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The Modern Lives of Hindu Temples, Panel, 2011

Date: 6 January 2011 Time: n/a

Venue: American Historical Association Conference, Boston

The Many Modern Lives of the Hindu Temple

Panel convenor: Deborah Sutton, Department of History, Lancaster University.

Panel abstract

The Hindu temple is a palimpsest of material and devotional forms in which a complex of divine and temporal authority co-exists with everyday ritual performance and celebration. Temples have proved evasive subjects for successive state projects in South Asia. Large temples control swathes of revenue and possess substantial autonomous wealth while small temples, embedded in localities, rely entirely on daily donations and unmediated ritual for their existence and meaning. As sacred sites, temples can step in and out of history, being appropriated for other purposes or falling into disuse before resuscitation and rededication. In periods of conflict, temples have served as served as fortifications, marking points of safety and supply to insurgents and state alike. Although often linked into networks by practices of devotion and traditions of iconography, temples are not subject to institutional or doctrinal hierarchies. Existing temple studies, therefore, have necessarily limited their purview to specific localities and sects. The intention of this panel is to explore the ways in which the fabric, inhabitants and landscape of the Hindu temple have been encountered, and accounted for, by modern sensibilities over the last 200 years. During the nineteenth century, the governments of the East India Company and the British-Indian state sought generic solutions to understand - and later to extricate its officers from - the deep involvement with temple administration acquired in the course of territorial conquest. The colonial state floundered between its own parsimonies and pieties on the one hand and a desire to moderate a range of temple functions, both revenue and ritual, on the other. By the twentieth century, the temple was idealised as a repository of both antiquity and national religious tradition. The independent Indian state has consolidated and added to the layers of custody claimed over the temple, in particular in laws designed to invigilate its form and fiscal activities. Beyond the direct concerns of the state, patterns of religious practice underwent considerable change in nineteenth-century South Asia. Hindu thought and practice were radically re-imagined in ways which challenged and redefined the ritual space of the temple. This panel will explore the relationship between temple form and the broader dispositions of Hinduism in the modern period. Literary and historical claims have been asserted to the meaning of temples in the recent and remote past. These representations both redeemed and retold fragments of temple traditions and erased and simplified the life of temples. In every project of custody - whether customary, literary, theological, juridical, art historical - the Hindu temple has presented a moving target, swiftly evading attempts to abstract and regulate it. The aim of the panel is embrace this aspect of the temple and explore new methods and sources in the cultural, art historical and architectural history of the Hindu temple.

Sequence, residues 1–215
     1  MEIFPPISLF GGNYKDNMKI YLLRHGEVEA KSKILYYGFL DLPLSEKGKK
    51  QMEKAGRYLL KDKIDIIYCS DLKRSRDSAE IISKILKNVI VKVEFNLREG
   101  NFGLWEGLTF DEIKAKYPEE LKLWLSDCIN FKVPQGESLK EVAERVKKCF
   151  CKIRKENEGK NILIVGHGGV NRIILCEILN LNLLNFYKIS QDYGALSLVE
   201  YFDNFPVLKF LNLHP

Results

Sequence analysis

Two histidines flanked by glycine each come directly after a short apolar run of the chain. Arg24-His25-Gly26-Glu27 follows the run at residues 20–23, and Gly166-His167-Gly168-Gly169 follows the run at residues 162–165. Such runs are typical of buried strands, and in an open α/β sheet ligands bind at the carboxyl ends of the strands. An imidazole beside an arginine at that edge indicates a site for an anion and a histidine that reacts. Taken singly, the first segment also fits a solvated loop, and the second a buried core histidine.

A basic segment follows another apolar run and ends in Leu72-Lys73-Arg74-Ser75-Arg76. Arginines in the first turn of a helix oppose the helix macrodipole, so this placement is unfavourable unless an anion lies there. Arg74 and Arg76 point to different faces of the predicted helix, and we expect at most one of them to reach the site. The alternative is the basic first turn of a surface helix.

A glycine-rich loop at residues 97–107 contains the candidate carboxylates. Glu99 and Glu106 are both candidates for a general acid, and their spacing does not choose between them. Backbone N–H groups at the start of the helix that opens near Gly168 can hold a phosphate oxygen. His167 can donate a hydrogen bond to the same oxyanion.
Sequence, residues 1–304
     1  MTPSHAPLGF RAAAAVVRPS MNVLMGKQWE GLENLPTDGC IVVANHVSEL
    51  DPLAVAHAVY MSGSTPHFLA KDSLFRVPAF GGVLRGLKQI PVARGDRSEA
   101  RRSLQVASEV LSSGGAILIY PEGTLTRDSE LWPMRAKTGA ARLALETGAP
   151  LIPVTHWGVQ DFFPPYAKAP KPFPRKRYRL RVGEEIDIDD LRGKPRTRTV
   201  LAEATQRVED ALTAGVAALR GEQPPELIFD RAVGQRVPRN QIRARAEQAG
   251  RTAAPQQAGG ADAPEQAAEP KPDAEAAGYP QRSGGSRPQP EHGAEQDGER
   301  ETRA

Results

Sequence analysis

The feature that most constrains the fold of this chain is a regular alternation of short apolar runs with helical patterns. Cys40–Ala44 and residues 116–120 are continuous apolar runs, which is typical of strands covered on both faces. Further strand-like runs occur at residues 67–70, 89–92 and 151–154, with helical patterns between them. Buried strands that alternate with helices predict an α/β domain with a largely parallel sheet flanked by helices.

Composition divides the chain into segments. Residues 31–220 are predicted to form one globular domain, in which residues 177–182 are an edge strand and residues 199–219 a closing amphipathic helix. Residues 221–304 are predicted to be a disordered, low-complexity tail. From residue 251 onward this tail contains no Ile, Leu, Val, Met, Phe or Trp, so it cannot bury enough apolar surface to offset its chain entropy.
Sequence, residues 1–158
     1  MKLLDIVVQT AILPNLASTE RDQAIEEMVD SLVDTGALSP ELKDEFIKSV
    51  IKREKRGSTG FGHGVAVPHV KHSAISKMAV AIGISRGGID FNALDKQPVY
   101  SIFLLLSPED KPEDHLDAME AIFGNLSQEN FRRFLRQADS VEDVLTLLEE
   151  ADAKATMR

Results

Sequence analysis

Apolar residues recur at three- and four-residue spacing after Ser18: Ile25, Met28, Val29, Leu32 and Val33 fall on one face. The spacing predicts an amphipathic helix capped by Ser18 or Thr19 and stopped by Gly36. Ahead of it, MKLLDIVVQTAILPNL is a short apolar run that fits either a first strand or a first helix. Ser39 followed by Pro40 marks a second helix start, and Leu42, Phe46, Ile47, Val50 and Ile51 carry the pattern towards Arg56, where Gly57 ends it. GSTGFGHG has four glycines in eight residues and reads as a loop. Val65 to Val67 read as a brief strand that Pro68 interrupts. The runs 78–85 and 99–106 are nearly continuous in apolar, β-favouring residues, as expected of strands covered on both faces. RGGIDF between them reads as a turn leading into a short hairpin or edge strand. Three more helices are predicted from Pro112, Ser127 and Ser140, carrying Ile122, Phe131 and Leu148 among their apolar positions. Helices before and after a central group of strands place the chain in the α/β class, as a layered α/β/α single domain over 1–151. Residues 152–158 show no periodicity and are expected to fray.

Co-Panelists

Malavika Kasturi, Department of History, University of Toronto

William R. Pinch, Professor of History & Chair, Department of History, Wesleyan University

Discussant: Leslie Orr, Department of Religions, Concordia University

Event website: http://www.historians.org/annual/2011/index.cfm

Contact:

Who can attend: Anyone

 

Further information

Associated staff: Deborah Sutton

Organising departments and research centres: History

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